GOP’s Jim Jordan on Biden’s Policies: If He Didn’t Know Any Better, He Swears That the President Is ‘Intentionally Making Things Worse’ for Americans

Republican Ohio Rep. Jim Jordan ripped into President Joe Biden’s economic policies Friday morning, claiming they seem to be “intentionally making things worse.”

Jordan was asked by “Fox & Friends” substitute co-host Lawrence Jones whether he agreed with Biden’s recent comments during Thursday’s Macy’s Thanksgiving Day Parade in which he declared that “America is Back.”

“We are at a 31 year high in inflation. They can say what they want but the American people understand it for what it is. What was it like, four weeks ago, Joe Biden said now if we pass this ‘Build Back Better’ plan, another two trillion in spending, some how that’s gonna help inflation. There is not a rational sane person on the planet who believes that,” Jordan responded.

“So yeah, their policies have been bad across the board, and it seems to me it’s intentional because they just keep making things worse whether its the border, whether its inflation, you name it, that’s the situation. I think the American people fully understand it,” Jordan continued.

While unemployment claims have reached a record low, inflation has skyrocketed to a 31-year high, and gas prices have reached their highest levels in a decade.

According to a recent Yahoo News/YouGov Poll, almost 80% of Americans are feeling the rising inflation impacting their finances, with 57% blaming Biden.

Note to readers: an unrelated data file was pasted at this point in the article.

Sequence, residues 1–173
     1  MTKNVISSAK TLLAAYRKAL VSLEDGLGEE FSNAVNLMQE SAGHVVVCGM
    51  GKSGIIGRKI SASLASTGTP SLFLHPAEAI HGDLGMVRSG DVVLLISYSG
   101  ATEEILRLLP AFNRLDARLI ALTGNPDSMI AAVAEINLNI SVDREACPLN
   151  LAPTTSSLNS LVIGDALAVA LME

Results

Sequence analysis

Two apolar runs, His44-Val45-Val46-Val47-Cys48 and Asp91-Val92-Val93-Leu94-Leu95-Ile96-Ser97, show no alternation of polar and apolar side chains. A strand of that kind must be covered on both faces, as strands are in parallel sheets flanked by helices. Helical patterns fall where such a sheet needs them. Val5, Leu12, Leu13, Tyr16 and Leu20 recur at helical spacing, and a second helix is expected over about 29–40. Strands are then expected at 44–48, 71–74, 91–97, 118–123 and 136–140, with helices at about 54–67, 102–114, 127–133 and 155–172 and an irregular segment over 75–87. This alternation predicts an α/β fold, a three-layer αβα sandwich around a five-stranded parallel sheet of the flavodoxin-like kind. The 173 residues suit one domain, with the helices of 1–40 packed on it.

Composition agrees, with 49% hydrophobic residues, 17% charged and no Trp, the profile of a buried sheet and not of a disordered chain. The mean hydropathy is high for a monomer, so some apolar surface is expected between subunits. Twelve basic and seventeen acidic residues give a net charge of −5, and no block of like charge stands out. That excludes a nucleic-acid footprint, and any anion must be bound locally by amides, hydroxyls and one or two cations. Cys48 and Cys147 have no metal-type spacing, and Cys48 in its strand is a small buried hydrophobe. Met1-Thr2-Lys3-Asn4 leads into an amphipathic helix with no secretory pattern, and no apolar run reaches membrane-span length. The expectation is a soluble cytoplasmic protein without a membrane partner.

Meanwhile, a record number of Americans say they won’t be purchasing gifts for the holidays this year amid ongoing inflation concerns and supply chain disruptions, a survey shows.

Roughly 11% of Americans said they expected to spend no money at all on gifts during the holiday season, according to a holiday retail survey by Deloitte. The number is the highest since Deloitte began its holiday retail survey in the 1980s and more than double the share of shoppers in 2020 who said they wouldn’t be buying presents.

Almost two-thirds of those not buying gifts earned less than $50,000 per year. Those earning over $100,000 said they expected to spend $2,624 on gifts, a 15% increase from last year, while those earning less than $50,000 expected to spend $536 on gifts, a 22% decrease from last year.

“This tale of two holidays is a pretty good reflection of the tale of two pandemics, right?,” Stephen Rogers, managing director of Deloitte’s consumer industry center, told CNBC in an interview. “What starts off as a health crisis turns into a financial crisis if you’re in the lower-income.”

Consumers cited inflation concerns as a reason they were buying less gifts, with 39% saying that they expected to spend more on gifts because “things cost more this year in general,” while 50% of those spending less on gifts cited higher food prices.

“It’s just going to be tough on a fair number of folks,” Rod Sides, vice chairman of retail and distribution at Deloitte, told CNBC. “When gas prices, food prices and those kinds of normal things continue to rise at the pace that we’re seeing, there’s this uncertainty that says, ‘I probably don’t need to splurge on that particular item, because now I have to cover my rent, and maybe I didn’t before.’”